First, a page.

It was a memorable email.
A young girl wanted to know how to cover up her self-harm scars so she could look great in the sleeveless gown earmarked for an upcoming High School formal.
Her friends didn't know about her cutting.
But they were going to find out - if she wore the coveted strapless dress which had now taken pride of place in her wardrobe.
Recovering from a period of self-harming behaviour and doing well in school, she was ready to have fun at the most important social night of the year. And maybe, just maybe, she was ready to have a conversation with her group about self-harm and how it had taken over her life - for a while.
I found myself in tears, because, yes, she had recovered and yes, she was brave, BUT she didnt know whether her friends would accept that damaged and vulnerable self - the one who took a blade to her bare arms when she felt overwhelmed by emotion. And maybe she wasn't sure whether she felt OK about that history and that other, troubled and troublesome self.
Stigma is a terrible thing.
It can stop us from telling people how we are really feeling and it can stop us from seeking help. It can stop us from taking a chance and talking to the people who matter about the more vulnerable parts of us. Maybe our friends aren't ready to hear, maybe they will shrink away, maybe they will judge us, or even reject us. Peer acceptance is so important at this time and fitting into the group can seem like its the most important thing in the world.
As a clinician specialising in young people's mental health, I have helped many young people with self-harming behaviours. In "Young Minds Matter" a summary of the second Australian Child and Adolescent Survey of Mental Health and Wellbeing published this year, the authors find that "1 in 12 adolescents aged 12-17 have self-harmed in the past 12 months." A worrying statistic - unfortunately, self-harm is becoming more and more common.
So why do young people do it?
I think it is for many reasons, not all of which can be summarised here. Often it is a coping mechanism for feeling states which are overwhelming to the young person, who may be struggling with the stresses of home and school or coming to terms with discovering who they are and how to be. Adolescence and young adulthood is a time of tumultuous emotions and some young people find cutting or other forms of self-harm will help them to ride the storms - temporarily. It can become the go-to "solution" which they revisit when everything becomes too much.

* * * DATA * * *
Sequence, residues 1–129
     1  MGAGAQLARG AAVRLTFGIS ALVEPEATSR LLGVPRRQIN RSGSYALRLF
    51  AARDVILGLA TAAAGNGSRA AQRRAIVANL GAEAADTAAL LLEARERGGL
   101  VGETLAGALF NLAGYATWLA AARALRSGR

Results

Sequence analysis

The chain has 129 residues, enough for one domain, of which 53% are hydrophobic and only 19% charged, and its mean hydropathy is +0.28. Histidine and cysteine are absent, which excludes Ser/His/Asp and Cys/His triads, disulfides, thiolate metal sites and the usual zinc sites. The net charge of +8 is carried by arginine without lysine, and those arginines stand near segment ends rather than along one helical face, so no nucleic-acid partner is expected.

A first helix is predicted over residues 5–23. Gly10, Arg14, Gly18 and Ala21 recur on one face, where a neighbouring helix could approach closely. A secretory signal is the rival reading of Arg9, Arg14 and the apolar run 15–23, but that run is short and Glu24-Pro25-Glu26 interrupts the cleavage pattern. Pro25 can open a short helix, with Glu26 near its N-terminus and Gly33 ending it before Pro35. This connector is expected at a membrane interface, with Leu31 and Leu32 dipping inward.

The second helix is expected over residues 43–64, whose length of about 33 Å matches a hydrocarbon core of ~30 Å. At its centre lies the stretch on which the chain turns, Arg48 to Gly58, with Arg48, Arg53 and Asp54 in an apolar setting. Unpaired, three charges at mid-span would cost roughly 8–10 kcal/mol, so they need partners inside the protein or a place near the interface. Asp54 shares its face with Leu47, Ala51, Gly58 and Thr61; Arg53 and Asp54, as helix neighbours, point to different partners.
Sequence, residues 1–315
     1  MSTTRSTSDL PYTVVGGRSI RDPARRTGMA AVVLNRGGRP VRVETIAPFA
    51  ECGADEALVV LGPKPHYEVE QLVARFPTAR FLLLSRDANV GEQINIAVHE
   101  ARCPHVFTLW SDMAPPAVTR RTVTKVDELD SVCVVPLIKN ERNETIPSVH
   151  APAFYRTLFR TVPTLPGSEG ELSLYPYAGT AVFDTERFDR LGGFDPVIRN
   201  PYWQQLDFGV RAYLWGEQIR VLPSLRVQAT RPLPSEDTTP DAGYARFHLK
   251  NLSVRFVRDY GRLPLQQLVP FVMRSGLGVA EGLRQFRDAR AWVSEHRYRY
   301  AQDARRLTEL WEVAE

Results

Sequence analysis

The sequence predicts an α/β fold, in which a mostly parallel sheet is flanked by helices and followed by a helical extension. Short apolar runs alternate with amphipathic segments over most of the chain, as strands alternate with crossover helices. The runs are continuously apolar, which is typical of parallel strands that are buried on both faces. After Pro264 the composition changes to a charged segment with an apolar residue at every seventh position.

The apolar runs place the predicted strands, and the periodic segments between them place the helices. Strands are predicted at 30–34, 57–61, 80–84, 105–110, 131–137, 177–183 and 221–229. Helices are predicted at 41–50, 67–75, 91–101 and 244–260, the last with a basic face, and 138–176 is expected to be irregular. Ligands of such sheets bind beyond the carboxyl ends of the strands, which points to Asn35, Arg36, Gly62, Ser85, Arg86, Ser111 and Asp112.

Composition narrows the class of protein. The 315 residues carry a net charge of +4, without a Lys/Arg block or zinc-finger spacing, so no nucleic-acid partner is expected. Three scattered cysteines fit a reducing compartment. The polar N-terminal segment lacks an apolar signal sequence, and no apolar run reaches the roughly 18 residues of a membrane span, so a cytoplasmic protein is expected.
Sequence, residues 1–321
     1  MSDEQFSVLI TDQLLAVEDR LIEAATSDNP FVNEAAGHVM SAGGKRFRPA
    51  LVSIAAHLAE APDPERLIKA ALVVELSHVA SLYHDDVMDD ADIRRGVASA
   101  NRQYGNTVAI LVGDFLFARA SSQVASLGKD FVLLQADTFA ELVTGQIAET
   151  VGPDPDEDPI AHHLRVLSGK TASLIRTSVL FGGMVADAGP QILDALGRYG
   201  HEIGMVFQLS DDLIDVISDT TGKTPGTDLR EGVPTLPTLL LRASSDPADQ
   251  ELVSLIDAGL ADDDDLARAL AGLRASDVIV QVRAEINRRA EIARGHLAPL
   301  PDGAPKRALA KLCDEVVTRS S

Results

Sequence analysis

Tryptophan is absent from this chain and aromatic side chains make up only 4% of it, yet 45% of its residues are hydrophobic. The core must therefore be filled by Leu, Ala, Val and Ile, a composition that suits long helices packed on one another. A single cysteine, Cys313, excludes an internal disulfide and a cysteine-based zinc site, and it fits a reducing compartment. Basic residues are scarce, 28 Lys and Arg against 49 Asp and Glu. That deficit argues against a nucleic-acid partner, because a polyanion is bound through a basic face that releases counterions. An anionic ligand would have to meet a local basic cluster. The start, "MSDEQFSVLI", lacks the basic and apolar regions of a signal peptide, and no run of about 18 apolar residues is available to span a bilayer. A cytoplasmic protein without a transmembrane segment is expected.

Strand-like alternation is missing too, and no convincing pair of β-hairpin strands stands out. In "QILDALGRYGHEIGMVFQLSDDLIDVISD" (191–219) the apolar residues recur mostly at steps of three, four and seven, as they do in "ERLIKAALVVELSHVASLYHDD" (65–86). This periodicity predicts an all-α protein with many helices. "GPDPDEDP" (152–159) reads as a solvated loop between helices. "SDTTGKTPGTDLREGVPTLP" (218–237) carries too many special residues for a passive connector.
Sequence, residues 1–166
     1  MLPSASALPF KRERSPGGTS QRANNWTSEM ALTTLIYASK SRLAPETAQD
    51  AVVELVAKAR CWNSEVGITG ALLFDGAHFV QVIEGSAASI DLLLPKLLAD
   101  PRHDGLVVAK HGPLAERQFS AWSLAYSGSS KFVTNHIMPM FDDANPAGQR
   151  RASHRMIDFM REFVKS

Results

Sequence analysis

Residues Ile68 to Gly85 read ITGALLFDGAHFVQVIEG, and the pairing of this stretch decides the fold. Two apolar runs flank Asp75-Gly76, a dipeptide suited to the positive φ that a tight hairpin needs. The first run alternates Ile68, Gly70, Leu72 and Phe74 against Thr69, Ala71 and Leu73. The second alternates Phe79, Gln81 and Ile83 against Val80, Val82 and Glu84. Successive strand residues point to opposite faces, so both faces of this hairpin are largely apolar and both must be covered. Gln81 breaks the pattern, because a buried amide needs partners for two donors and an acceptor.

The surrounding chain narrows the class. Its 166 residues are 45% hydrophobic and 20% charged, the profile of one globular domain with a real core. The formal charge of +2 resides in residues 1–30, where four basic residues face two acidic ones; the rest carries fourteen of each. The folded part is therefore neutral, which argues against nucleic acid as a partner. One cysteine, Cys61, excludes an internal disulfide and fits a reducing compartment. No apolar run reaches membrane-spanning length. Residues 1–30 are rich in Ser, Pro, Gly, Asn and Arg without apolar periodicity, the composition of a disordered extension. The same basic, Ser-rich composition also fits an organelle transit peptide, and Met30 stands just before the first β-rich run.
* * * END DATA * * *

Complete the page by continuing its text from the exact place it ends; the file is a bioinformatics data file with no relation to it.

Parents who discover that their child is self-harming are often too shocked and overwhelmed themselves to understand that for the young person the behaviour is intrinsically rewarding - it helps them feel better. Often a discovery of self-harm can lead to a power struggle - a tussle between child and parent over what is, for parents, a very distressing behaviour. Its important to get to the bottom of why a child is behaving in this way, rather than just trying to prevent them from doing it.
For the girl who sent me the email, things had improved. She was recovering and no longer used self-harming behaviour to help regulate her emotions. But for many other young Australians, its something that they do - and keep doing, because it makes them feel better and nothing else can provide that reprieve. Taking away the safety net of self-harm can cause more distress. Talking through the issues, and finding distraction techniques to manage overwhelming emotions can help. But in the long run, we need to help them come to a place where the behaviour isn't necessary anymore. That is something that can only happen through the work of therapy.
If you would like more information on self-harm, if you are worried about a young person who is self-harming or about your own behaviour, please contact me via the "get in touch" button.